The College of Arts and Science

Arts and Science Advising Office
146 Upham Hall
Phone: 513-529-3031

General Information

The College of Arts and Science (CAS) is the centerpiece of liberal arts education at Miami University and the largest academic division on campus. As such, the College encompasses a rich diversity of disciplinary opportunities and experiences across the humanities, natural sciences, social sciences, languages, mathematics/data science, and interdisciplinary programs.

Using this broad foundation, a CAS education is devoted to intellectual analysis, critical thinking, and honing transferable skills that will be used for a student’s entire lifetime. Employers demand a smart, globally minded workforce that can creatively solve problems while drawing upon a broad and adaptable skill set, and our college prepares its students for a plethora of varying career opportunities.

CAS offers three degrees: the Bachelor of Arts, the Bachelor of Arts in International Studies, and the Bachelor of Science.


Departments in the College that are accredited by professional associations include:

Department of Chemistry and Biochemistry: American Chemical Society

Department of Chemistry and Biochemistry: Chemistry and Biochemistry by the American Society of Biochemistry & Molecular Biology (ASBMB)

Department of Psychology: American Psychological Association

Department of Speech Pathology and Audiology (graduate program only) by the Council of Academic Accreditation in Audiology and Speech-Language Pathology

General Requirements

Students within the College of Arts and Science must complete the following requirements in order to graduate:

  • Earn at least 124 semester hours of non-duplicative credit, of which 56 must be advanced (at 200 level and above).
  • Fulfill the university's liberal education requirements, known as the Miami Plan (MP).
  • Fulfill the divisional requirements, known as the College Requirement.
  • Fulfill the requirements of your major, which may include specific related hours. 
  • Take additional elective hours to get to the minimum 124 overall hours, if necessary.
  • Earn a 2.00 cumulative grade point average, as well as a  2.00 average in all courses taken in your department of major.

If you are a transfer student, you must take a substantial portion of your major requirements at Miami.  You will work with an Arts and Science divisional academic advisor at the time of transfer to help facilitate your transition.

Notes on Credit Restrictions

Before registering for your courses, you should keep in mind these restrictions on credit:

  • You may not earn credit for a lower-numbered course in a department if you have already taken a closely related, higher-numbered course for credit. For example, if you have passed FRE 201FRE 202, you cannot take FRE 101FRE 102 and receive credit for them.
  • When taking a series of courses, you may not jump over a prerequisite course.  For example: if you start a foreign language and take the 101 and 102 courses, you cannot jump over the 201 course to take the 202 course; be sure to consult the courses of instruction portion of this bulletin to look at the prerequisites for courses you are thinking of taking.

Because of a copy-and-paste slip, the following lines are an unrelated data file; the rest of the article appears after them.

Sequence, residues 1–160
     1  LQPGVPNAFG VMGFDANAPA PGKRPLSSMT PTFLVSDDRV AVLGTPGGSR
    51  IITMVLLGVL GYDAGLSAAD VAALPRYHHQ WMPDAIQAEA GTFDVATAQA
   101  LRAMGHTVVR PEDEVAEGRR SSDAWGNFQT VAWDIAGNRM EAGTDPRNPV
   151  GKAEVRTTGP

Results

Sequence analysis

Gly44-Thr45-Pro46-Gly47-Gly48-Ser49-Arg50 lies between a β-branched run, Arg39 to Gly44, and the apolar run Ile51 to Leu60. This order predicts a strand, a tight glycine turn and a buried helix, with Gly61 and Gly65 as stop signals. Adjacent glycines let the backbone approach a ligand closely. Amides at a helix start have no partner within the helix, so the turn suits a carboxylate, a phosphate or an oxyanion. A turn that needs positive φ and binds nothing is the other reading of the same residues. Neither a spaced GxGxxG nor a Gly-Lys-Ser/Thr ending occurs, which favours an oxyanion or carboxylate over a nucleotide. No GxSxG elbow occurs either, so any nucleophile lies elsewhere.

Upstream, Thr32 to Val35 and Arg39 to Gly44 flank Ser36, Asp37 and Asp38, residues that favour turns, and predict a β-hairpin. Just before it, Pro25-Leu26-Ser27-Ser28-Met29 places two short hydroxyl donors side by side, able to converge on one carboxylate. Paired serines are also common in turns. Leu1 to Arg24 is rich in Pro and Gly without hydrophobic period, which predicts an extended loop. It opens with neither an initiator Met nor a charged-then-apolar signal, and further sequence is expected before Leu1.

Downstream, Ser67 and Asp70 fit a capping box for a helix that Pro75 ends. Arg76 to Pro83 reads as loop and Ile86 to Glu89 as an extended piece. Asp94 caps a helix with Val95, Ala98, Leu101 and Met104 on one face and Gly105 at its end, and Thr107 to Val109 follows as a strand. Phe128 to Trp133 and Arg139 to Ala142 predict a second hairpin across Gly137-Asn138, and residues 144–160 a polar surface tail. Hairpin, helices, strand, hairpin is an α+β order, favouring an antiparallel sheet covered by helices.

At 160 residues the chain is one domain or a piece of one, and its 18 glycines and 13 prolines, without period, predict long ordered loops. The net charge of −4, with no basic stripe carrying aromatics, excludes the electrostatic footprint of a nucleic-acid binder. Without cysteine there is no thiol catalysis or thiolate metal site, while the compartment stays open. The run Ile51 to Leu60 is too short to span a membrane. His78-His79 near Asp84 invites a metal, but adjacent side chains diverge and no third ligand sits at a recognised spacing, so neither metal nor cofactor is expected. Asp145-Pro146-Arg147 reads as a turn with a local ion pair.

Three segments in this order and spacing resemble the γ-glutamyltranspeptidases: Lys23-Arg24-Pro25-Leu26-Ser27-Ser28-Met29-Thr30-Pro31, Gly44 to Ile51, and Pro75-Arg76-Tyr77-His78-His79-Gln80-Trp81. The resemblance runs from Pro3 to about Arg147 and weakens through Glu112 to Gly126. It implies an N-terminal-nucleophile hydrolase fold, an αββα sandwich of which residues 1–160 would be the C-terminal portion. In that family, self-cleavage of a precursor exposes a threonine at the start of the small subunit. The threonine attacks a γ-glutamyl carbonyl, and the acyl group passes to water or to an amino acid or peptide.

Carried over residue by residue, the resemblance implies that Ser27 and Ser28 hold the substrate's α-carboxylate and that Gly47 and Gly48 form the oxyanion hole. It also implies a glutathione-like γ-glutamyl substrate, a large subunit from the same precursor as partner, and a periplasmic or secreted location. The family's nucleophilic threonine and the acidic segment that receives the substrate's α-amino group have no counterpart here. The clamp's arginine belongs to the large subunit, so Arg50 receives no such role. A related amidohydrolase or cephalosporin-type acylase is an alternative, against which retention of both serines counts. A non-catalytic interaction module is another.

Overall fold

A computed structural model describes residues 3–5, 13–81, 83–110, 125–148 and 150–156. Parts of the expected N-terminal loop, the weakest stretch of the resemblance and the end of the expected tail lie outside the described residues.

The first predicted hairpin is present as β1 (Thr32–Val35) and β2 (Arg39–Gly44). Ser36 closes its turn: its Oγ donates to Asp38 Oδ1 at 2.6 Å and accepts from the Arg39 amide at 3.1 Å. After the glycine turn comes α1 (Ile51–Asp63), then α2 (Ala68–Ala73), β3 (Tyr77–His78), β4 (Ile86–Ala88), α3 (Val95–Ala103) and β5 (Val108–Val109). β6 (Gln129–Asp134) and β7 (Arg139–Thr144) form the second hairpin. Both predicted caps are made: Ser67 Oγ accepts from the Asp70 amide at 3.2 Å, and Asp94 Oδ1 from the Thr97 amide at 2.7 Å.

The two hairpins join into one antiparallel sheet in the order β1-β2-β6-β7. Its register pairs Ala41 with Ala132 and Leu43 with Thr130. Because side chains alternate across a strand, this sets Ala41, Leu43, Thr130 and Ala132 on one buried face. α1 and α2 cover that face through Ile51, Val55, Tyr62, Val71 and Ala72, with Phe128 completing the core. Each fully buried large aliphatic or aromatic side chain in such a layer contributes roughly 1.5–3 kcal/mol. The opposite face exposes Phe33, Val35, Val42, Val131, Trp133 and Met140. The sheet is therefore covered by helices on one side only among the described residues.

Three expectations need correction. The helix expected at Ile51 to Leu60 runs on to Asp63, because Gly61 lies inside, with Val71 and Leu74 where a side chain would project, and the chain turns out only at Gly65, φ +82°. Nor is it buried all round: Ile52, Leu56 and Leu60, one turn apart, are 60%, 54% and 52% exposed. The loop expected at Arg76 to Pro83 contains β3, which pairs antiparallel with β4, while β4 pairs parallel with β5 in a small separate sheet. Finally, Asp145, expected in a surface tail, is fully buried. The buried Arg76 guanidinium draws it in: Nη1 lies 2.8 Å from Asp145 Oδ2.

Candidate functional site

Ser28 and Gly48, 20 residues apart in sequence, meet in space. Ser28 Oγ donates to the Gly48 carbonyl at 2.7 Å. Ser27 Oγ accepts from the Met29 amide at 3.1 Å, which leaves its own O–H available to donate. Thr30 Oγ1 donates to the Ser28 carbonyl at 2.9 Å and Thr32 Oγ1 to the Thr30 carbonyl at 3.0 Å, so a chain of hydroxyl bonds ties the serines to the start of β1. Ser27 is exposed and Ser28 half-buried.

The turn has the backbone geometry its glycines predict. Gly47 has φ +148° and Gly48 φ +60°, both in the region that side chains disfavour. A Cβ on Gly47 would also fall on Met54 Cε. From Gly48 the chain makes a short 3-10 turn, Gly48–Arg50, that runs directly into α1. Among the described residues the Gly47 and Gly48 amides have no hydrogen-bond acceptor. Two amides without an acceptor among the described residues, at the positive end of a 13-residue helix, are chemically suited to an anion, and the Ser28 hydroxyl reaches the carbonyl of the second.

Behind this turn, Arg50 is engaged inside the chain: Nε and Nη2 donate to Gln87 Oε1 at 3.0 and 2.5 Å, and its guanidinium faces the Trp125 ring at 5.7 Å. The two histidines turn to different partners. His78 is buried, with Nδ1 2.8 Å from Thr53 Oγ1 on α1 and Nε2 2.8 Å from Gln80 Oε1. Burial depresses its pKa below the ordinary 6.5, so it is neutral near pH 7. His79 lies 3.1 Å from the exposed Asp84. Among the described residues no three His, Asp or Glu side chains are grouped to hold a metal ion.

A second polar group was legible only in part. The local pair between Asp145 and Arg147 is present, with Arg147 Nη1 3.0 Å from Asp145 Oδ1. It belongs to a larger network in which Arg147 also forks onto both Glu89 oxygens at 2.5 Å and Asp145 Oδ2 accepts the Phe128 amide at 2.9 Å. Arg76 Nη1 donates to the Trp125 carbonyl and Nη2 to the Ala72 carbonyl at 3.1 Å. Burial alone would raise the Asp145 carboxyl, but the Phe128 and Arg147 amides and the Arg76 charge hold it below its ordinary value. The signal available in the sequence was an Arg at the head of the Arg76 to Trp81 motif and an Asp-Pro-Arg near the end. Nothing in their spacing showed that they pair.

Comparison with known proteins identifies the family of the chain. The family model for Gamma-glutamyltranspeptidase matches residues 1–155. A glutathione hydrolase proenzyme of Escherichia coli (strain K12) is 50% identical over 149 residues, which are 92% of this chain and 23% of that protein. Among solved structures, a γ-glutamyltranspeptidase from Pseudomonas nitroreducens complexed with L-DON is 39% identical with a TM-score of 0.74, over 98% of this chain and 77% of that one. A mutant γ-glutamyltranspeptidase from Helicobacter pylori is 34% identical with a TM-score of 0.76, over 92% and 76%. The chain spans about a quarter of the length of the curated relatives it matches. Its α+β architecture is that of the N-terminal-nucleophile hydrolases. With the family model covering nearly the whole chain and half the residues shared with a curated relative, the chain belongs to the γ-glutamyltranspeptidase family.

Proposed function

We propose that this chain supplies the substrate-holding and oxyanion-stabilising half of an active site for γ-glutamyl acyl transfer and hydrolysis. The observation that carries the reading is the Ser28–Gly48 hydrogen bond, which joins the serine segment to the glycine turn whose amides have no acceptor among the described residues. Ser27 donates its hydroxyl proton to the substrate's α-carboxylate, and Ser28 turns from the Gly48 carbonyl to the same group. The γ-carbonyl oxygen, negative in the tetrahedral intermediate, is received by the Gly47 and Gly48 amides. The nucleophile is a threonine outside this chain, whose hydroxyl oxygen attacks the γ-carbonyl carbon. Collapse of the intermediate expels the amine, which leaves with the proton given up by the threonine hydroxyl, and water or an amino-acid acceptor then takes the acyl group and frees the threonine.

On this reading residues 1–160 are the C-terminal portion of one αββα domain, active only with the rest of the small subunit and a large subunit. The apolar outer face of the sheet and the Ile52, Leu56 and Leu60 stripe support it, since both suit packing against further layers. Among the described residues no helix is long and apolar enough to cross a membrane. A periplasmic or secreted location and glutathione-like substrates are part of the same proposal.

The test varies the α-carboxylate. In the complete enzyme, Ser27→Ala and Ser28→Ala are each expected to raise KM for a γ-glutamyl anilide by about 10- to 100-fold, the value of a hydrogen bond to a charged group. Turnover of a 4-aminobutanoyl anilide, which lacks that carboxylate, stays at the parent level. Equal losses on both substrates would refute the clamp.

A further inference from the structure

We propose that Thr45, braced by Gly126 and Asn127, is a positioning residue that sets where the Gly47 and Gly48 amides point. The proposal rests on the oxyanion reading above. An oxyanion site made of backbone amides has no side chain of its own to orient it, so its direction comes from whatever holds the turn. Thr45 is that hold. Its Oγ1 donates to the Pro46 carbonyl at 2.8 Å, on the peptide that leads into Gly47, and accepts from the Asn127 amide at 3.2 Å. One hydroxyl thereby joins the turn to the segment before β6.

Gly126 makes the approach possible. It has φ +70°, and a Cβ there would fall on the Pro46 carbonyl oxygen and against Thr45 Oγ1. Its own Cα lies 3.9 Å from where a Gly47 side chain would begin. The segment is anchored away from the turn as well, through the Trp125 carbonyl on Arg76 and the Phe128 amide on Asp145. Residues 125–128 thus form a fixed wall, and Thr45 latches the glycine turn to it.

• Credit is not given for closely related courses in two or more divisions; be sure to consult the courses of instruction portion of this bulletin to see if courses are duplicative credit.
  • You cannot register for more than 20 hours in a semester except with the approval of the Dean or Dean's designee.

Bachelor of Arts

Bachelor of Arts in International Studies

Bachelor of Science


Co-Majors are designed to provide a complementary perspective to a student's primary major. There is no specific degree designation for the co-major as students receive the degree designation associated with their primary major.


Minors are secondary areas of interest that students can pursue as part of their undergraduate degree program; at minimum, they require 18 credit hours and have a 2.00 grade point average (some minors have higher requirements).  Students may opt to take a minor to complement their major and develop skills to increase their career opportunities. Minors are optional.


A certificate is a formal award certifying the satisfactory completion of an organized program of study at the postsecondary level. The purpose of a certificate program is to serve the needs of both matriculated and non‐degree students interested in developing specific skills and knowledge for personal and/or professional development.

Interdisciplinary Programs

The College of Arts and Science offers a range of interdisciplinary programs including specialized degrees, major, and minors. These interdisciplinary programs allow students to consider a topic, subject, or problem from differing perspectives and to explore connections between those academic disciplines. Students pursuing these programs work closely with professors and advisors to select courses from across the curriculum that will provide opportunities to identify the intersections between multiple disciplines.


American Studies
Critical Race and Ethnic Studies
Individualized Studies
International Studies
Italian Studies
Latin American Latino/a and Caribbean Studies
Women's, Gender, and Sexuality Studies


American Studies
Diversity, Equity and Inclusion
Ethics, Society and Culture
Film Studies
Global Perspectives on Sustainability
Individualized Studies
International Studies
Latin American Latino/a Caribbean Studies
Medical Humanities
Middle East, Jewish, and Islamic Studies
Molecular Biology
Women's, Gender, and Sexuality Studies

Medical Laboratory Science